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Why does the following code produce different result? In my mental model, they should be the same.

Table[With[{x = i^k}, HoldForm[x]], {k, 1, 5}]
With[{x = i^k}, HoldForm[x]] // Table[#, {k, 1, 5}] &


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up vote 2 down vote accepted

The difference is because in the second case

With[{x = i^k}, HoldForm[x]] // Table[#, {k, 1, 5}] &

The With expression is evaluated (giving HoldForm[i^k]) before it is substituted inside the placeholder in Table. To prevent thise pre-evaluation wrap it around Unevaluated as follows:

Unevaluated[With[{x = i^k}, HoldForm[x]]] // Table[#, {k, 1, 5}] &

Which gives as before:

{i, i^2, i^3, i^4, i^5}

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What is the difference between Unevaluated and HoldForm? They seem to be similar intuitively. – kiss my armpit Jan 16 '14 at 7:53
To see the difference try: Head[Unevaluated[f[x]]] vs Head[HoldForm[f[x]]] – RunnyKine Jan 16 '14 at 7:57
@CodeMocker While Runny's workaround indeed solves your problem, it does not give an insight on why With is evaluated before Table in one case but not in the other. For an explanation, please see my answer. – István Zachar Jan 16 '14 at 10:24

To be more specific, the difference is not because of the postfix application but because of the pure function (the part with # and &) application:

Table[With[{x = i^k}, HoldForm[x]], {k, 1, 5}] (* no pure function *)
(* ==> {i, i^2, i^3, i^4, i^5} *)

With[{x = i^k}, HoldForm[x]] // (Table[#, {k, 1, 5}] &)  (* postfix pure function *)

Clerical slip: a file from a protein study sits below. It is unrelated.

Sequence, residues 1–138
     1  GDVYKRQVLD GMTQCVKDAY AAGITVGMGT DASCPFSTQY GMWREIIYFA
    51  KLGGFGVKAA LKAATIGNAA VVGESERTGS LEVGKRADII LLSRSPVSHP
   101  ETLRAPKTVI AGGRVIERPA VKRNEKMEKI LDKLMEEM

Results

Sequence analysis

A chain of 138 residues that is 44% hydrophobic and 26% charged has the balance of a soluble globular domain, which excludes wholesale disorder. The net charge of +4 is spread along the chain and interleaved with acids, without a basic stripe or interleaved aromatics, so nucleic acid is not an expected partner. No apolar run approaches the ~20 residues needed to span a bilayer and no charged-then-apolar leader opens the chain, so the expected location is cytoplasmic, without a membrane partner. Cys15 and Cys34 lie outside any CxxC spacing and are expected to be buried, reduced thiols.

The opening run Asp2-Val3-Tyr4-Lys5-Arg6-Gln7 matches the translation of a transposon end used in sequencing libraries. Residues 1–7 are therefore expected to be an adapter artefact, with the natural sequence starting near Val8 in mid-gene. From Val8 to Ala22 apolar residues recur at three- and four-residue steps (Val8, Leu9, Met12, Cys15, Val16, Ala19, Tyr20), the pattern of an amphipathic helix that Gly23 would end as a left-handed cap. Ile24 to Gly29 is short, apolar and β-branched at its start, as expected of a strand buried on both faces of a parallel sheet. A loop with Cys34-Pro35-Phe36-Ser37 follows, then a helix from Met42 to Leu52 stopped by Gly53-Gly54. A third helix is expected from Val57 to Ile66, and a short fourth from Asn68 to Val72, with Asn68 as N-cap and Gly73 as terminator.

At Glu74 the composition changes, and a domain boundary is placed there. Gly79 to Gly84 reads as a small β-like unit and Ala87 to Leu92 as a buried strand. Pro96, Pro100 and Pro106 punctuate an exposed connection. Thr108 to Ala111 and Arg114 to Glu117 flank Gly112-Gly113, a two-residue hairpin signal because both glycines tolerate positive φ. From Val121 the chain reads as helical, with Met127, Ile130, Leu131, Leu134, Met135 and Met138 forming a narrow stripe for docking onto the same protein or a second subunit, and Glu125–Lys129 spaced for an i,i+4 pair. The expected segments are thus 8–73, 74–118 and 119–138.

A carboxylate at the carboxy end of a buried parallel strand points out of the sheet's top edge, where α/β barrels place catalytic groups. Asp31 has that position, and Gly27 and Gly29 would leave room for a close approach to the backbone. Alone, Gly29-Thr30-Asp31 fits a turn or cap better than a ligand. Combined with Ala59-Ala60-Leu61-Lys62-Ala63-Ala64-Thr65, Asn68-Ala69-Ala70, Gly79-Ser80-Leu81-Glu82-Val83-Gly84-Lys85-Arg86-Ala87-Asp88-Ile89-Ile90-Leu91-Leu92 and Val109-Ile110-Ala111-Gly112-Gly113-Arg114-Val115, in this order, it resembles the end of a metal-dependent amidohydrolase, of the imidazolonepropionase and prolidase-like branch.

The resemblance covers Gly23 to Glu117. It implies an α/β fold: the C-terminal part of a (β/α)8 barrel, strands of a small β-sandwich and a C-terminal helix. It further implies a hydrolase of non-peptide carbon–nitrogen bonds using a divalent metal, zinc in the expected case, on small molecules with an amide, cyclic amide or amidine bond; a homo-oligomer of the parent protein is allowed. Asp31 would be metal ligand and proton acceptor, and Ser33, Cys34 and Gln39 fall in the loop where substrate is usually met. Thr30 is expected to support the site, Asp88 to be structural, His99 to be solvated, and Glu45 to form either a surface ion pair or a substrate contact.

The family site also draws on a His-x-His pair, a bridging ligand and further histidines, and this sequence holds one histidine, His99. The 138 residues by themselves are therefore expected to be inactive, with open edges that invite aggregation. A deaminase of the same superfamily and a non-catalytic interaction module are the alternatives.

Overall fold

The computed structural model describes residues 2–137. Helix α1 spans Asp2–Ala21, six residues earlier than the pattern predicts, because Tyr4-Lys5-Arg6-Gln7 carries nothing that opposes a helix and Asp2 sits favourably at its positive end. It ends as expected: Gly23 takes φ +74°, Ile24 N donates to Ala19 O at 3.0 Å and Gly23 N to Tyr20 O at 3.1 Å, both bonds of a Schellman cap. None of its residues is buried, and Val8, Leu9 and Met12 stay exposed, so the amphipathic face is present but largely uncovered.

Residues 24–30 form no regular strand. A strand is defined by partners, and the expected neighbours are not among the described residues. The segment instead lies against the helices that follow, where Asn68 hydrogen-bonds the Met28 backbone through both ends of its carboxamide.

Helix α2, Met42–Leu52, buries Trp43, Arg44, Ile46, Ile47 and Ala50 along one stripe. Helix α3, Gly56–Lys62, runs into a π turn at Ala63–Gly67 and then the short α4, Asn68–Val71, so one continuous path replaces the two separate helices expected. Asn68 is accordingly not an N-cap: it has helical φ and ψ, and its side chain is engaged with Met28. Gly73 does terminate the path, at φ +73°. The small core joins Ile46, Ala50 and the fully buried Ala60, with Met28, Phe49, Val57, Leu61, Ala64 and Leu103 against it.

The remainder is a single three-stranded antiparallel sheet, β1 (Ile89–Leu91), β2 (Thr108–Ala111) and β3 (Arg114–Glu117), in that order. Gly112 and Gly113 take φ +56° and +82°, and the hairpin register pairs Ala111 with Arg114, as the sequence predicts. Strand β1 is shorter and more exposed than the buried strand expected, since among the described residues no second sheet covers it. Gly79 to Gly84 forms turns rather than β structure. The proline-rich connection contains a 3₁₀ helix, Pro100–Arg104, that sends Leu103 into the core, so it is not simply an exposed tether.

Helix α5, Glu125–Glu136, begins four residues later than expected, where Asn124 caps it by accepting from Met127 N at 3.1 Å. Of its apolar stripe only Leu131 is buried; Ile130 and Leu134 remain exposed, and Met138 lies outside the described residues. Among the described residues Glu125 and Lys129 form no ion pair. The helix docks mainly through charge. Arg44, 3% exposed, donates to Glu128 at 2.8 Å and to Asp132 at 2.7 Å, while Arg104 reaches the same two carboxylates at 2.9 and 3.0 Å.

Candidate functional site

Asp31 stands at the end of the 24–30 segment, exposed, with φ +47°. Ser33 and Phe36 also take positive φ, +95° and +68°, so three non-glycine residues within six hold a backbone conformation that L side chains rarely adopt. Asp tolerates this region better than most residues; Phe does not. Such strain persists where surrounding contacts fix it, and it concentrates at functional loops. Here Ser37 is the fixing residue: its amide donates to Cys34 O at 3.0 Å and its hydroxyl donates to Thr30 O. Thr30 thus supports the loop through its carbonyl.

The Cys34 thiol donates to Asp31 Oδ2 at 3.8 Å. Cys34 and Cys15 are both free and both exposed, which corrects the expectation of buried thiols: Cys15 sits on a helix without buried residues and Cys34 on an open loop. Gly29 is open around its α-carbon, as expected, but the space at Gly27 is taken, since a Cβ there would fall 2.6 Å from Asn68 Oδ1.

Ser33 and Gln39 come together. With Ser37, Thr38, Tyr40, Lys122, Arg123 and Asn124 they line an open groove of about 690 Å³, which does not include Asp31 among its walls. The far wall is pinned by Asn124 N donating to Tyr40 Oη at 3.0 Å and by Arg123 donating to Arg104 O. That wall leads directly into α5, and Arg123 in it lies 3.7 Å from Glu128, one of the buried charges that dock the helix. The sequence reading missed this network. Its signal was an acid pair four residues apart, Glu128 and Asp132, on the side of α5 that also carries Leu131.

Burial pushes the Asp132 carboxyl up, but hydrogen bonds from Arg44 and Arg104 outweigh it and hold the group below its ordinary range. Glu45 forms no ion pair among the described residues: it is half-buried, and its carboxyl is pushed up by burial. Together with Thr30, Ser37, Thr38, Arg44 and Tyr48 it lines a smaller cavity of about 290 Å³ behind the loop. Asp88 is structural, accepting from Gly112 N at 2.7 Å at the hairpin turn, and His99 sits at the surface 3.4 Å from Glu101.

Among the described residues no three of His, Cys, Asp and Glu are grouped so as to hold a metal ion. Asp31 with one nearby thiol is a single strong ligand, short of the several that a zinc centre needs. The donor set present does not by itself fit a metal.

(* ==> {i^k, i^k, i^k, i^k, i^k} *)

(Table[#, {k, 1, 5}] &) @ With[{x = i^k}, HoldForm[x]]  (* prefix pure function *)
(* ==> {i^k, i^k, i^k, i^k, i^k} *)

Accordingly, if you simplify your example, and put some Prints in it:

Block[{k = 1}, Print[2]; With[{x = k}, Print[1]; HoldForm@x]]
During evaluation of In[17]:= 2
During evaluation of In[17]:= 1
(* ==> 1 *)
Block[{k = 1}, Print[2]; #] &@With[{x = k}, Print[1]; HoldForm@x]
During evaluation of In[17]:= 1
During evaluation of In[17]:= 2
(* ==> k *)

As you can see, in the last case, the With is evaluated first, not Block, resulting in thus a replacement x -> k, so Block cannot replace x in the second step as there is no x anymore in the expression.

An even more simple example that shows the reversed evaluation sequence for pure function application compared to normal, nested expression evaluation:

(Print[2]; Print[1];) 
(Print[2]; #;) & @ Print[1]; (* or:  Print[1]; // (Print[2]; #;) & *)
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I like when you explain things with those Prints. It's very useful method. – Kuba Jan 16 '14 at 12:55
@Kuba ...and a poor man's debugger :) – István Zachar Jan 16 '14 at 13:00

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